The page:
MINNIE: We work on them usually, individually, there's been maybe two songs that we've collaborated on, but I think that usually it'll be a sentimental bedroom writing session individually, just by yourself. Then maybe for the little touch-ups, me and Nat would team up for little lyrical bits, and then we bring it to the band.

CDM: I love the imagery in 'Sound Of The Stars' when you describe the world as telescopic. Do you find that lyrics will just randomly come into your head? How do you come up with them?
NAT: I say this on behalf of both of us, that both me and Minnie feel that lyrics are the most important part of any song and definitely what we focus on most when writing. I feel like songs are just like little poems with musical backing, rather than musical backing with words. But we definitely have an idea that we always want to write about initially, and we do try look for fun, or sometimes powerful ways to convey the message we're trying to write about. I think a lot of the time, it just will come to us, or other times, I feel like Minnie and I always have our notes open on our phone, or we're writing down little phrases or ideas that pop into our heads at random times.

CDM: Does songwriting help you cope with processing things that happen to you / your loved ones?
MINNIE: I'd say so, for sure. The things that can be tricky to process and work through in your head, it's really therapeutic and kind of clarifying, or brings you clarity, at least sometimes, to just write it all down in something. That feels easier for some reason.

CDM: Why do you think it's easier to have in a song?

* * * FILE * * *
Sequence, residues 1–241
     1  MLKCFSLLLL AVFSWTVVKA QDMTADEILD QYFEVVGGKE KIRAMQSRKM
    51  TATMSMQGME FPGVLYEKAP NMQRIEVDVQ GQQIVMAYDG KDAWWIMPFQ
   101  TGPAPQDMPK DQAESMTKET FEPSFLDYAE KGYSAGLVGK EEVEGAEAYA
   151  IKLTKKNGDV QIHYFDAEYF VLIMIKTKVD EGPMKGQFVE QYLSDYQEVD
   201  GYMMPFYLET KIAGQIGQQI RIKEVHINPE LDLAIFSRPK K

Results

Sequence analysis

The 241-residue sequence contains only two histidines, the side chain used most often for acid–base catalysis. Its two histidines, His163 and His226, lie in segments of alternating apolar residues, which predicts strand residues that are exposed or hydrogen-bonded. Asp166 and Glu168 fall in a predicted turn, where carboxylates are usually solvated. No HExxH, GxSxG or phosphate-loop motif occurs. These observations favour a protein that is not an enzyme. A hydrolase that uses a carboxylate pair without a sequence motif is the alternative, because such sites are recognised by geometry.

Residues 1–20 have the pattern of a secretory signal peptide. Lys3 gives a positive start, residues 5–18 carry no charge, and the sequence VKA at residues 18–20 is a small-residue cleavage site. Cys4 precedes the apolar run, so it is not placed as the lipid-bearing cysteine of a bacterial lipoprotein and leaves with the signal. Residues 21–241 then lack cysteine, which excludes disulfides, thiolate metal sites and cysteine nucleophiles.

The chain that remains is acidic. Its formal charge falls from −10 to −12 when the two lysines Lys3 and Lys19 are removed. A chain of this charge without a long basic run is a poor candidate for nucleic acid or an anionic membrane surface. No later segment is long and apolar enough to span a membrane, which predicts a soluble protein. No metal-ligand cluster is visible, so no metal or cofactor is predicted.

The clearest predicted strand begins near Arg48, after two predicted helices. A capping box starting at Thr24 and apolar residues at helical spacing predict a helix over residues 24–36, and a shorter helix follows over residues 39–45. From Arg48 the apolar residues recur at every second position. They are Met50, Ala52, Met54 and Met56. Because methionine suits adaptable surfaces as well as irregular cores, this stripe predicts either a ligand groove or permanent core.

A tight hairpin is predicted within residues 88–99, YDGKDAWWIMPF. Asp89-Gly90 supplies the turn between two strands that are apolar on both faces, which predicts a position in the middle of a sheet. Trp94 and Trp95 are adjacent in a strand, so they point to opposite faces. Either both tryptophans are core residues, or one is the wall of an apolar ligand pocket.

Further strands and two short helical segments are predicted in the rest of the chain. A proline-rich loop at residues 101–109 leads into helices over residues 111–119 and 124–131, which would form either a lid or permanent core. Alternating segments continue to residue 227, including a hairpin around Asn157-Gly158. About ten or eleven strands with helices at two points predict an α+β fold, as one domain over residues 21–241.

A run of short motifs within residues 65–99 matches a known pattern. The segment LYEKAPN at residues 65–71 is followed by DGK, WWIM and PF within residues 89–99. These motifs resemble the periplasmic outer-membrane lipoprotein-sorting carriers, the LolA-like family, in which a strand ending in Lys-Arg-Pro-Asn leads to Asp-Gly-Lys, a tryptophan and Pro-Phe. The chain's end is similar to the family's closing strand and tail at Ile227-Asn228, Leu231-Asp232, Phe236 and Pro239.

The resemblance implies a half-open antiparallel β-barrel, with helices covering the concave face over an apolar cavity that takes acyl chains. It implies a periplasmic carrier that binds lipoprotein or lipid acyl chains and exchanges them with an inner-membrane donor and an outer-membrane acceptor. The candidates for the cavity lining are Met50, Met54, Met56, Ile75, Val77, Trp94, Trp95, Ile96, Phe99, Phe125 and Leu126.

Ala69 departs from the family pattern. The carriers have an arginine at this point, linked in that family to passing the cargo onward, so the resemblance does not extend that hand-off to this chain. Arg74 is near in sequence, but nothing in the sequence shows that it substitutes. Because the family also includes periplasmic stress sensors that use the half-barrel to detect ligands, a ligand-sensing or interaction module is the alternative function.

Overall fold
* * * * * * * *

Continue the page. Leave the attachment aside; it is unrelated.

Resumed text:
NAT: It's not as confronting, but I don't know why that is. I feel like with music behind it, it's a lot more hidden, but still very out in the open, but you feel like you've got this little shield in front of you.

CDM: What do you hope for people to take away from listening to your music?
MINNIE: I think we want our music to feel safe and warm. I feel like a lot of the time we're talking about experiences with anxiety and feeling things that sometimes don't feel so pleasant, so maybe feeling a little less kind of isolated in those feelings - there's a lot of people experiencing that.

CDM: What is your favourite thing about Minnie?  
NAT: I think Minnie is actually the kindest person I've ever met, and I've met quite a few people. I'm 20 now, I've met quite a few people. But I genuinely think Minnie is the kindest person I've ever met. And I don't know how happy I would be-- I don't think I'd be very happy if I hadn't met Minnie. Minnie is the only person who makes my stomach sore after we hang out because I've been laughing so much. And I've always said this, but I think she's just me, but blonde.

CDM: What is your favourite thing about Nat?
MINNIE: Well, I don't want to copy her, but I feel like our friendship is full of happiness and love, and we've never really had many days not full of laughter and just having the most beautiful times. I honestly think Nat is the greatest, most kind human in the world as well. She's seriously so kind and always looking out for everybody and literally can turn any day that you're having into something so much better. She will make you laugh and will make you smile and is just a great person - such a great person. Best person in the world.
NAT: I think Minnie is my favourite person in the world. My family is great too.

CDM: If T.A.T. was an acronym, what would each letter stand for?  
NAT: Totally Awesome Tote bags.

CDM: What's been your favourite thing about working with BENEE on Olive Records so far?  
MINNIE: So far, just all the cool conversations we're having about music and what's on the horizon. It's just been super fun to be surrounded by lots of really cool wāhine, in an industry that is very male dominated, so it's been so cool. It's so exciting. Every time we have conversations, I love it. It's really fun. Everything. Can I say everything?
NAT: I feel like she has already taught us a lot about the music industry, being a female in the music industry, and how to play Fortnite.

CDM: I'm guessing that you've still never been to Amsterdam...? Is there anywhere else touring-wise that you really want to go to one day?
NAT: London. Japan. Greenland. That just popped into my head.
MINNIE: The U.S., I think that'd be really fun.

There's A Tuesday's new song 'Bus Stop' is out now - watch the music video below...

[Made with the support of NZ On Air]